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05/22/2017 Special > Special

Title

Confusing Korean Words

Words that are similar in sound and meaning

장수현

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In every country, there are some confusing pairs of words with analogous pronunciations and meanings, even though the words are clearly different. The Korean language is not an exception, and there are quite a few pairs of words that even Koreans sometimes get mixed up. This week’s article in News H is to help foreign learners of Korean to be aware of the differences of those words, and use them properly in correct situations.
 

Words that have either similar meanings or sounds
 
Natda (낫다, 낮다) Nata (낳다) are three separate words that sound almost the same but have anything to do with each other. 낫다 is used in situations where somebody recovers from an illness or pain, or when something is superior than the other. 낮다, on the other hand, simply means ‘low’. 낳다 means to ‘give birth’ or ‘bring about a certain result’.

Deokbun(덕분), ttaemun (때문), and tat (탓) are words that have similar meanings but used in different contexts. If a certain outcome occurs because of some matter, 때문 is used. However, 덕분 can be used if, and only if, a positive result occurs due to a certain cause. On the contrary, 탓 only works with causes that trigger undesirable situations. The three words come right after the cause, and the result follows after these words.  
 
Although ttaemun (때문) can be used in all cause-and-effect situations, it is generally used negatively. The calligraphy above means "Lead your life thinking that a result happened 'thanks to' a cause rather than 'because of' the cause."
(Photo courtesy of http://blog.naver.com/yong1004kr/220883042877)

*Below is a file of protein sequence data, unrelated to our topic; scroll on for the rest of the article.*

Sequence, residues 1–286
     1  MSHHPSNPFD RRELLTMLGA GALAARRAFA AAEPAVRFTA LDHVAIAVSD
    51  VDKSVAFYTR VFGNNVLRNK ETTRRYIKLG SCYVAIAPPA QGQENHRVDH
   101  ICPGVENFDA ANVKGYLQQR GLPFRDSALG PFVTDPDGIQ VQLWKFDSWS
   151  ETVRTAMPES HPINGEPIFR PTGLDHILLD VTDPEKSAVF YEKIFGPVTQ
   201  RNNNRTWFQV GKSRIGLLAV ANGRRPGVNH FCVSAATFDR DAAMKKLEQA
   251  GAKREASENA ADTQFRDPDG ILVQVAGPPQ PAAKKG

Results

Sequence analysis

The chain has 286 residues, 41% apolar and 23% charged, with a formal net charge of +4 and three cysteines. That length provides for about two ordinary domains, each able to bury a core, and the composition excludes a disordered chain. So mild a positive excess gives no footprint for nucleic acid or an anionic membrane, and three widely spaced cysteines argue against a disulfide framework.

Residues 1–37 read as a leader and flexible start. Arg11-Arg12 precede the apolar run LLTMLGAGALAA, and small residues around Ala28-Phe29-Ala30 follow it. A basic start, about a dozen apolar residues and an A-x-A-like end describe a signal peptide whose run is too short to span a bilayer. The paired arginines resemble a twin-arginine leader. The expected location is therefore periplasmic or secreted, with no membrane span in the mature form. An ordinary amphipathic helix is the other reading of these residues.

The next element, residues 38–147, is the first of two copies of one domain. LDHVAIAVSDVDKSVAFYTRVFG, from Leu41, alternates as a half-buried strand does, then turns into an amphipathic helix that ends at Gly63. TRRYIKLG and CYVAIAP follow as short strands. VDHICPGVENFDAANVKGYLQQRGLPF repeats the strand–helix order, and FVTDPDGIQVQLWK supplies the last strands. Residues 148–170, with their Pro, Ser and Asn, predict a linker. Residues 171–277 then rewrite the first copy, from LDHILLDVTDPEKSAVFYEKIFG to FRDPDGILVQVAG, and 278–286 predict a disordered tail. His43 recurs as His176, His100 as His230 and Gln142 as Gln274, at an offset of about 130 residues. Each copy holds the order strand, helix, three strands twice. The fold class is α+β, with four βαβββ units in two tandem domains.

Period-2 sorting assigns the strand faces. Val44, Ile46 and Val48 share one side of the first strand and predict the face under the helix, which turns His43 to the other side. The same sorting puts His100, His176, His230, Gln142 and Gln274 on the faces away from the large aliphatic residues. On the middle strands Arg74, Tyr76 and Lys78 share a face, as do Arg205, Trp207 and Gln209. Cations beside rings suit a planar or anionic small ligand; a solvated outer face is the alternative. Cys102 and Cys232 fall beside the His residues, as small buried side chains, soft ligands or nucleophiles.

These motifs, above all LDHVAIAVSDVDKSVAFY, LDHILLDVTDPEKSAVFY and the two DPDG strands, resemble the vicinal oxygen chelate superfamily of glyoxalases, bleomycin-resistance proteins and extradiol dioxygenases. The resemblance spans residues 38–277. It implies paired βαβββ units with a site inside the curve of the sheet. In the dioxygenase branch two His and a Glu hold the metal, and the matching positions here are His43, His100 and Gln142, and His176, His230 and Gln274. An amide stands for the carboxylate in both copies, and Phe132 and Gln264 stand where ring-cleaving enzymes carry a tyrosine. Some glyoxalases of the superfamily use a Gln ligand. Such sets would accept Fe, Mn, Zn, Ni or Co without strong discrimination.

Dareuda (다르다) and teullida (틀리다) are misused very often even by Koreans, most notable by senior citizens. The former means ‘two things that are being compared are different’ or ‘something stands out more than others’. The latter means ‘something, such as a fact or an answer to a question, is wrong’ or ‘to be hopeless’. Due to the fact that many people get mixed up with the two words, there is a well-known expression, “다른거지 틀린게 아니다” which means ‘something is different, not wrong’.
 
  
Words with both similar sounds and meanings

Gareuchida (가르치다) and garikida (가리키다) are commonly confused Korean words not only because of their smiliar pronunciations but their due to their definitions as well. 가르치다 means 'to teach somebody a skill or a knowledge' and 가리키다 means 'to point at somebody or something'. The reason for the confusion comes from the idea that the definitions of both words are related, in the way that teaching and pointing are actions that are both directing something.  

The mistake of misusing machida (맞히다) and matchuda (맞추다) is frequent due to their complicated usages and similar pronunciations. In cases where an answer to a question is correct, 맞히다 is used. When comparing something with another, 맞추다 is used. Therefore, 맞추다 is used when comparing an examination paper with a separate answer sheet. Another definition of 맞히다 and 맞추다 is ‘to aim or hit’ and ‘to set, adjust, or assemble’, respectively. Thus, when a person tries to hit a bird with a bow, 맞히다 is used. In addition, when a person gets his suit made, 맞추다 is used.
 
Itda (잊다) and ilta (잃다) are words that have analogous sounds and definitions, such as in the case of 맞히다 and 맞추다 mentioned above. The former means ‘to forget’, and the latter means ‘to lose’. People get mixed up because the two words means to lose something. In the case of 잊어버리다, it means to lose what one had remembered.  
 
Itda (잊다) and ilta (잃다) is one example of various confusing Korean word pairs. To find out more about the Korean language, click here to visit the  National Institute of Korean Language website.
(Photo courtesy of Daehak Naeil)

Familiarizing yourself with the aforementioned words would help greatly, especially when writing in Korean. To be a knowledgeable user of the Korean language, it is a necessity to be mindful of these words instead of continually misusing them. To find more confusing words or commonly misspelled or misused words, visit the website of theNational Institute of Korean Language, an institute that researches and organizes the rules of the Korean language, including its confusing vocabulary. 



Jang Soo-hyun        luxkari@hanyang.ac.kr
 
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